Brussels vs Budapest

A week on from our conversation, and now even Germany is rearming – the Ukraine crisis having upended all manner of geopolitical certainties. But this rare point of unity between eastern and western EU member states remains just that – rare. Indeed, the big story in Brussels before the outbreak of war on its eastern flank was the latest salvo in the EU’s protracted legal battle with Hungary and Poland.

Brussels is currently withholding billions of euros in funding to both countries over what it calls ‘rule-of-law breaches’. Last month, Hungary and Poland lost their case at the European Court of Justice, challenging the legality of the EU tying Covid recovery aid to compliance with these standards. Both nations have been accused by Brussels in recent years of undermining media freedom, LGBT rights and the independence of the judiciary.

The ECJ claimed its ruling was narrowly focused – that funding can only be withheld where rule-of-law breaches could affect its sound financial management. But Budapest doesn’t buy this, not least because the so-called conditionality mechanism emerged in the context of outrage at Hungary over a new law that bans the promotion of homosexuality and transgenderism to children.

Fidesz says the law is about protecting parents’ rights over the content of sex education. But it was widely condemned as illiberal, homophobic and an unconscionable moral outrage. Last summer, Dutch PM Mark Rutte said the law proved Hungary ‘has no business being in the European Union anymore’. EU infringement procedures were launched shortly after. ‘Europe will never allow parts of our society to be stigmatised’, thundered European Commission president Ursula von der Leyen.

Judit Varga, Hungary’s justice minister, says the mechanism is a ‘blackmailing tool’ that is being wielded by the dominant EU players to enforce conformity. ‘This is a political majority which would like to force its preferences, its political position, on other countries’, she tells me. ‘When it comes to the question of migration, or when it comes to the question of family policy, it is not a legal question, it is a question of ideology or political position or national, constitutional identity… It has nothing to do with legality.’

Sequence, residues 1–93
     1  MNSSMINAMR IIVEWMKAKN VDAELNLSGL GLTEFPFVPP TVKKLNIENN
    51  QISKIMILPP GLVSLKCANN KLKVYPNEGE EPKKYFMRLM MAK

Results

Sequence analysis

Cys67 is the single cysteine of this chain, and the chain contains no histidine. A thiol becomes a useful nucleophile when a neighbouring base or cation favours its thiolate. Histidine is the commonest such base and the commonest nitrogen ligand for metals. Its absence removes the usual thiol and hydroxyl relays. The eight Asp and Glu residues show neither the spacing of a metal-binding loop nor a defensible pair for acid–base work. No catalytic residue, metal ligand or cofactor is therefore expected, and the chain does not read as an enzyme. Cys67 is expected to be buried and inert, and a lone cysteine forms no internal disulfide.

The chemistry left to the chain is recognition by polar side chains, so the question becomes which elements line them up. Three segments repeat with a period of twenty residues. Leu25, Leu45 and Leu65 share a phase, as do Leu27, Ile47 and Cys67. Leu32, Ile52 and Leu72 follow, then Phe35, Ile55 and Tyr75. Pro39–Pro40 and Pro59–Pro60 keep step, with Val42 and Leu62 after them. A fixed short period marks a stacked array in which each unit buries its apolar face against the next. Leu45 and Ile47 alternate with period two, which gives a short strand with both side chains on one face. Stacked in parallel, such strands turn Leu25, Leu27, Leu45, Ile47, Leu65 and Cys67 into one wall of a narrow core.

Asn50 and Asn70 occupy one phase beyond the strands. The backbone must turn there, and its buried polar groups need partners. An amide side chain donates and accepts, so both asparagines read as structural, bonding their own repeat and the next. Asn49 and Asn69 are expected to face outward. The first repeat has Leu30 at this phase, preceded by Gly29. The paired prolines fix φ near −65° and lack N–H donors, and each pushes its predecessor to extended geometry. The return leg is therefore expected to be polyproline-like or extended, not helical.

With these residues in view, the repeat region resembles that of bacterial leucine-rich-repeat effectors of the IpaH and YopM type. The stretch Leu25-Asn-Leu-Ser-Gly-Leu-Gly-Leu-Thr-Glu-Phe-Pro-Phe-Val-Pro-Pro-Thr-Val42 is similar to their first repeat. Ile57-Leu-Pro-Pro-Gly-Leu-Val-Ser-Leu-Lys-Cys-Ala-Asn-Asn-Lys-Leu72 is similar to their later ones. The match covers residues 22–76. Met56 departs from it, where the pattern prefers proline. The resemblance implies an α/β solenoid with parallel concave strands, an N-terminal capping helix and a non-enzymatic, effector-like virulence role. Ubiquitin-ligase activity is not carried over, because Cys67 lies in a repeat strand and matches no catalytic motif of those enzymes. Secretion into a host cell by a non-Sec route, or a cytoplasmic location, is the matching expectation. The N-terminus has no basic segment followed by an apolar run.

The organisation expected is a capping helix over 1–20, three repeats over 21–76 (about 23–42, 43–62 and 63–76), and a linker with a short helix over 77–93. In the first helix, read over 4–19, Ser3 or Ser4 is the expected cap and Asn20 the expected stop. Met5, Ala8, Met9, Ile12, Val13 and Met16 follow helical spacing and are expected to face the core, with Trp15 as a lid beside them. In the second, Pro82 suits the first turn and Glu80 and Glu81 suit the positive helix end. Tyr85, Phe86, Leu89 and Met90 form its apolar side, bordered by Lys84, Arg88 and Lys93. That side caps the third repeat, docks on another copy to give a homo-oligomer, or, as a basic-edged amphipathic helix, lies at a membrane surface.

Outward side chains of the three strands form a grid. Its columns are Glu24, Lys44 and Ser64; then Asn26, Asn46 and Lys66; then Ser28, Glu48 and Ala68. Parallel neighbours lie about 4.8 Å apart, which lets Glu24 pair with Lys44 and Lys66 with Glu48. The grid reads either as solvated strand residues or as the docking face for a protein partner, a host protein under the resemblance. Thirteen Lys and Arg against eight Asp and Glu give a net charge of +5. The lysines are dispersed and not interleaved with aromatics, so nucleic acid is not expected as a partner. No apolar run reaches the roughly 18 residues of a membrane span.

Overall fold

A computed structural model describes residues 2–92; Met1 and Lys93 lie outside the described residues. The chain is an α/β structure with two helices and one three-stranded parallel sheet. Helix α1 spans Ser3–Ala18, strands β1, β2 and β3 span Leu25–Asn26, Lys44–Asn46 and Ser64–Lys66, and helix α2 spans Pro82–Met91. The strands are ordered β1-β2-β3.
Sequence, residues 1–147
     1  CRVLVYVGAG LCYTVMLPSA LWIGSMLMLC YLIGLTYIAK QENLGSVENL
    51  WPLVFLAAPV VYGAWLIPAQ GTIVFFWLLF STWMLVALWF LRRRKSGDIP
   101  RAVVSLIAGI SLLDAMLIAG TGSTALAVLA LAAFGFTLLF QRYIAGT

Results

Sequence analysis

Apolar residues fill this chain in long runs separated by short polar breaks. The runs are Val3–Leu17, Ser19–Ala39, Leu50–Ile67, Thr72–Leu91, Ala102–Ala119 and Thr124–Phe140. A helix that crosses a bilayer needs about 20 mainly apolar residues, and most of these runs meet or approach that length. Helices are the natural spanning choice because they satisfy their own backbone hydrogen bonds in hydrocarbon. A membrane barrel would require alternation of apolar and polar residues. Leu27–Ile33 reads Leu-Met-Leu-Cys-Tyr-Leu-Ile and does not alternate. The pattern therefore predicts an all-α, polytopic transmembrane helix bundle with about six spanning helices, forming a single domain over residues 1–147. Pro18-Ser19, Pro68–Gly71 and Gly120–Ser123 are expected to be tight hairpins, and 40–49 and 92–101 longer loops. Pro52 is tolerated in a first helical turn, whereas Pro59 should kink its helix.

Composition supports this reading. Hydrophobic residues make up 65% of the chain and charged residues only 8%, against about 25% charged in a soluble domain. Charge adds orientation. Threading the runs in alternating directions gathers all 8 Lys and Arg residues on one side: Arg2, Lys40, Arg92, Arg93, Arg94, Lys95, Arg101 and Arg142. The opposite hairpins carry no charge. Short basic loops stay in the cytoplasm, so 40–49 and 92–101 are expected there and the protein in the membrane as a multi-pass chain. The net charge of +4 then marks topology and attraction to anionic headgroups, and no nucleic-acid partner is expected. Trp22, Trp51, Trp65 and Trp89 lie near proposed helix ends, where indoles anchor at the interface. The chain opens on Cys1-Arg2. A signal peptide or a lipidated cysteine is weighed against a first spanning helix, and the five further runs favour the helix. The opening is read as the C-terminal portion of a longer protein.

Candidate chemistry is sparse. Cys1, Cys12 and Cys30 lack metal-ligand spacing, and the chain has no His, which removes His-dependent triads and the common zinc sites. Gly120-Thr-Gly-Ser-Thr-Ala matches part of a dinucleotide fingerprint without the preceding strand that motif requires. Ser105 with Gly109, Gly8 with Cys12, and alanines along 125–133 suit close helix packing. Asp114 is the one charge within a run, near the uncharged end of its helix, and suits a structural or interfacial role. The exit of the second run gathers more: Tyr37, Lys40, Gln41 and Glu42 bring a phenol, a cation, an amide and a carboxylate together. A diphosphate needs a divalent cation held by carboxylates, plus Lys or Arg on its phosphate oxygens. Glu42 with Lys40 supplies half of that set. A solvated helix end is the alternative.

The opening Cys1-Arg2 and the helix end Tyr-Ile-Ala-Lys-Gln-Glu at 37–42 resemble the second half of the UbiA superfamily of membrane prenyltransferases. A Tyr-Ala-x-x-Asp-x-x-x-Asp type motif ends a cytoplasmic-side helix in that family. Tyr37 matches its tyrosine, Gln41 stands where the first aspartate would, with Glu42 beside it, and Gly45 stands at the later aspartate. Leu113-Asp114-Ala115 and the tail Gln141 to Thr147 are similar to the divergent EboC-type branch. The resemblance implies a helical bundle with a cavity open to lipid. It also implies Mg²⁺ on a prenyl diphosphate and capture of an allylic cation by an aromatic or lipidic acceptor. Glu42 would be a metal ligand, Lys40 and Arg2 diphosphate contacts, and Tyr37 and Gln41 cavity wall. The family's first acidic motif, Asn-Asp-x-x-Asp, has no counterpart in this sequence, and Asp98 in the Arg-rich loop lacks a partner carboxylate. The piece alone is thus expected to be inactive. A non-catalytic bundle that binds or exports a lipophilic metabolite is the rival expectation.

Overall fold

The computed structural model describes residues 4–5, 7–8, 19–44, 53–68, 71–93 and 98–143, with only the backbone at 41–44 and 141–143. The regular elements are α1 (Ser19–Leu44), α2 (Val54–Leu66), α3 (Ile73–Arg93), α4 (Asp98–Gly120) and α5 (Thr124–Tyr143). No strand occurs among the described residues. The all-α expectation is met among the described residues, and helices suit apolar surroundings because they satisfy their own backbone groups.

Judit Varga, justice minister
Judit Varga, justice minister

On election day Hungarians will also cast their votes in a referendum on the new ‘family protection’ law. This harks back to 2016, when Hungary held a referendum on EU migrant quotas, which Brussels was then trying to push on member states in the wake of the migration crisis. Once again, the government hopes to secure a mandate and then dare the EU to challenge it. ‘I expect our partners to respect the democratic decision of our nation’, Varga says.

Naturally, the conversation turns to Brexit. Brussels, Varga says, took precisely the wrong lesson from Britain’s shock vote to leave the EU – responding to this huge electoral rebuke to European integration by simply pushing for more of it and smearing British voters: ‘They did not take the energy to rethink their behaviour. They blamed the UK. They blamed the UK citizens because of their choice. Is it democratic not to respect the democratic decision?’

Hungary is a committed – albeit rebellious – EU member state. For all the nation’s battles with Brussels, no major national figure advocates leaving. But the government is one of the key forces in the EU pushing for a union made up of sovereign nation states, rather than subjugated member states. This is a struggle, Varga tells me, that has become much more difficult since Eurosceptic Britain left.

Illiberal democracy

Where discussion of Hungary is concerned, one phrase haunts the comment pages like no other – ‘illiberal democracy’. It harks back to a 2014 speech, in which Viktor Orbán said his government aimed to create an ‘illiberal state’ in Hungary. Staunchly conservative and anti-immigration, there is much in Fidesz’s programme that is illiberal in the more traditional sense of the word. But in the prime minister’s rendering, the phrase means something deeper – prizing the community over the rights of the individual, and taking a ‘national, particular approach’ to governance.

That one speech has fuelled alarm in liberal quarters ever since. Concern about Hungary’s alleged slide into authoritarianism perhaps reached its crescendo in March 2020, when in response to the Covid-19 outbreak the government passed an act in parliament empowering it to rule by decree on pandemic matters indefinitely. Hungary was promptly dubbed ‘the first dictatorship in the EU’.

Viktor Orbán, prime minister
Viktor Orbán, prime minister

As is so often the case with Western coverage of this government, the reality was much more complicated. The act was a democratic outrage, of course, but then so were many other similar laws that were passed across Europe in response to the pandemic. (In Britain, the government used existing law to allow it to rule by decree.) The Hungarian act went further than others in some key areas, and it had far fewer safeguards. But Orbán’s more shrill critics looked more than a little silly when he handed back his supposedly long-coveted dictatorial powers three months later.